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VDOT goal: Every street by Tuesday

The Virginia Department of Transportation phone lines have been overwhelmed by people eager to have their streets plowed, staff writer Ashley Halsey III reports.

VDOT spokeswoman Joan Morris said the department will attempt to plow every residential street in Northern Virginia before the next storm arrives on Tuesday. She asked that people still awaiting a plow alert VDOT by e-mailing

By Robert Thomson  |  February 8, 2010; 5:30 PM ET
Categories:  Weather  | Tags: Dr. Gridlock, snowstorm  
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Next: Headaches on the horizon


No word on Metro yet? It's 7pm! Come on, WMATA!

Posted by: cbr1 | February 8, 2010 6:59 PM | Report abuse

What is the word for Montgomery County? There are streets that haven't been plowed yet and it is 7 p.m. Monday? Anyone out there from Montgomery County who is willing to answer this honestly???

Posted by: azurciolo | February 8, 2010 7:06 PM | Report abuse

VDOT totally dropped the ball this afternoon on 66 West at Exit 62 (Nutley). They had a couple of backhoes and dump trucks in the Exit 62 access lane clearing snow. They closed the exit and had THREE of the four 66 westbound lanes closed, with only the far left squeezing past. Exit 62 is the very first exit after the 495 merge and the traffic was just absolutely AWFUL. Took 1.5 hours+ to go less than 2 miles.

A) There was no reason to close THREE of the four 66 lanes (they could have done with just closing one or maybe two).

B) There was no reason to close the ENTIRE exit 62 service road. The dump trucks were barely using it and they could have at least opened the Nutley-north exit once they moved past it (but didn't).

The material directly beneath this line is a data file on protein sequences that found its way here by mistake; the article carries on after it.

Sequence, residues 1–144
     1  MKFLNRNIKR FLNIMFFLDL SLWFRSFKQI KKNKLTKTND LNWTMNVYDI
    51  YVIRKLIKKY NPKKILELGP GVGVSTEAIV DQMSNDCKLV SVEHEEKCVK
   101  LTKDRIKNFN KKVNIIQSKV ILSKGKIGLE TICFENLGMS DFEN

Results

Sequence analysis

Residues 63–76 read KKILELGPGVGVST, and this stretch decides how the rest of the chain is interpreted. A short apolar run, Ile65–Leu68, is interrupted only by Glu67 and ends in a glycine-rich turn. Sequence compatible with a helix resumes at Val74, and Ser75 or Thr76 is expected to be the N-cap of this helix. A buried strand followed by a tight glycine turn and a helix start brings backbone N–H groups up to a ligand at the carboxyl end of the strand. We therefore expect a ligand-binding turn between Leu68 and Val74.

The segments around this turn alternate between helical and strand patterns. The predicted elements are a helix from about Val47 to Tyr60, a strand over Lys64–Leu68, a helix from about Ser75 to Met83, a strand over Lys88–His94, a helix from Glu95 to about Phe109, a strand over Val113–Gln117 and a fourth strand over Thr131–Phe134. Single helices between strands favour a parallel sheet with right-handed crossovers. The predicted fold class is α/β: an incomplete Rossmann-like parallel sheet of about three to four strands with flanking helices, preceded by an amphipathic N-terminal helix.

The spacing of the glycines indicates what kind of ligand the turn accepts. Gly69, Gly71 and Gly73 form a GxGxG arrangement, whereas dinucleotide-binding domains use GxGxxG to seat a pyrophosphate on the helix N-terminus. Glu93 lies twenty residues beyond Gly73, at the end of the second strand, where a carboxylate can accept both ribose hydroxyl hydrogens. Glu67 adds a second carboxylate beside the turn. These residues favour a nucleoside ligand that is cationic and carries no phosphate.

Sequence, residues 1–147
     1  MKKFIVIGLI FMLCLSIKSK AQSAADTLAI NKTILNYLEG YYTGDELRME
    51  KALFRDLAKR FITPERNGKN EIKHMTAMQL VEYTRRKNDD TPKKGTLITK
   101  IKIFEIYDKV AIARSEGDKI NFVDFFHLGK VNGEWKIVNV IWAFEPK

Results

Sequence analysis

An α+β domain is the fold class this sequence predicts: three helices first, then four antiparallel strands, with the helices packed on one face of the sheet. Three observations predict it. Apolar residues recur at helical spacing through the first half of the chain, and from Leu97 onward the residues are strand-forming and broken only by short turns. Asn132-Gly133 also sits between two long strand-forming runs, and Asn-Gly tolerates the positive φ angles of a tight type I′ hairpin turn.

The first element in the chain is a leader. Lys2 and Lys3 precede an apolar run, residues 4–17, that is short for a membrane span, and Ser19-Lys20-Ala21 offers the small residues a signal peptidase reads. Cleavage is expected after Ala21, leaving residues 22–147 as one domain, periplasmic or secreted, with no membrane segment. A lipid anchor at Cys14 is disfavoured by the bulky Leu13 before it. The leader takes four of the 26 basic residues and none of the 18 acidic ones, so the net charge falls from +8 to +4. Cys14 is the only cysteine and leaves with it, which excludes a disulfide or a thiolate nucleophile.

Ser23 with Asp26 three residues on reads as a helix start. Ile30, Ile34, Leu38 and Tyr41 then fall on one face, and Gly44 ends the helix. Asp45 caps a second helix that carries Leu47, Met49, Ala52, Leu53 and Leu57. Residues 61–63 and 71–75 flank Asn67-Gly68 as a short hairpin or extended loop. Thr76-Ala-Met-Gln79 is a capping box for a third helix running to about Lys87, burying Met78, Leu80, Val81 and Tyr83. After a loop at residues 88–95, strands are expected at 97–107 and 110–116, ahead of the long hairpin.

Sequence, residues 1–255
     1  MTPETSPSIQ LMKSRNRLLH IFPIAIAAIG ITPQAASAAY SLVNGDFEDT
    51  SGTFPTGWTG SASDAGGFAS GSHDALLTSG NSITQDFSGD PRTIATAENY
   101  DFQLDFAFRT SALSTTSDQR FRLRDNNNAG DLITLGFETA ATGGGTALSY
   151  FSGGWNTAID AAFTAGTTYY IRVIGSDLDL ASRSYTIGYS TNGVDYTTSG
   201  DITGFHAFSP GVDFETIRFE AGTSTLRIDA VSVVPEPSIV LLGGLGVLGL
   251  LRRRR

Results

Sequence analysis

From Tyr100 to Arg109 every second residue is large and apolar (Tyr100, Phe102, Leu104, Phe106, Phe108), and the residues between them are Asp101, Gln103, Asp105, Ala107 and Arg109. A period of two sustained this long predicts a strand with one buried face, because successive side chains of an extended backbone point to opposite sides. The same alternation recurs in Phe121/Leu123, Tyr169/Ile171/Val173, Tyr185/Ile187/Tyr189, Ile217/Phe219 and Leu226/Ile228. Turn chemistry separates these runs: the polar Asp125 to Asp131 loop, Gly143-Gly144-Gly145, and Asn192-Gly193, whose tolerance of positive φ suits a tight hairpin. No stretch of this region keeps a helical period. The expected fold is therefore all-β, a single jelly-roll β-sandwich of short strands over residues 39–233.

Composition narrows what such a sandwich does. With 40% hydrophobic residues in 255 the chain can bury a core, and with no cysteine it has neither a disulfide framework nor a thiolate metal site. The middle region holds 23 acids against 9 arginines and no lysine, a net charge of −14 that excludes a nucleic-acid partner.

It took them FOREVER to figure out the mess they had created in terms of the traffic backup, which by the end of it stretched for miles back toward Washington, well past the 495 interchange. They finally opened the lanes but only after the problem had become truly excruciating.

VDOT needs better supervisors and more responsive crewpersons on the scene. They need to be more responsive to the traffic backups they're creating and better able to access the cost/benefits of continuing their snow clearing operations (which in this case appeared to be truly minor).

Posted by: guest1 | February 8, 2010 7:07 PM | Report abuse

My neighborhood was plowed, but they left such a thick layer of snow/ice on the road that it's tough to pass. I really don't understand the logic of not trying to get down to bare pavement. Leaving a thick layer to refreeze every night is a nightmare.

Posted by: uconnflyer | February 8, 2010 7:17 PM | Report abuse

Will believe it when I see it. I live 5 min from the heart of Tyson's Corner and have not seen a plow in my neighborhood since the first flake hit the ground.

Posted by: Axel2 | February 8, 2010 8:15 PM | Report abuse

We have not been plowed, either. Two large state-contracted trucks have driven up and down the long-since-cleared Vale Road on our corner all day since Saturday, just cruising and collecting state money. When I stop them they refuse to turn into any of the side streets, telling me that the state is not responsible for side streets. Complete failure of state government. No one is in charge.

Posted by: rhamberger | February 8, 2010 8:28 PM | Report abuse

Response to all above comments about VDOT response to this latest storm- Virginia is Out of SALT- Too many storms- The stock pile was more than enough for a normal season- Not enough salt= less salt for the roads. Every single truck on the road has been loaded with salt or sand for weight in order to push the snow and or scrape the ice from the road way.

The people that drive these trucks are REQUIRED by law to only work a Maximum of 12 Hours then get a full nights sleep- REALITY= more than 30 hours straight through behind the wheel- Very short breaks here and there- (67 hours with 7 hours of rest time, that is how long I drove this weekend). VDOT forces these sub-contractors to push their drivers on, even though they are aware of the lack of sleep/rest- Just because their responsible to clear the roads.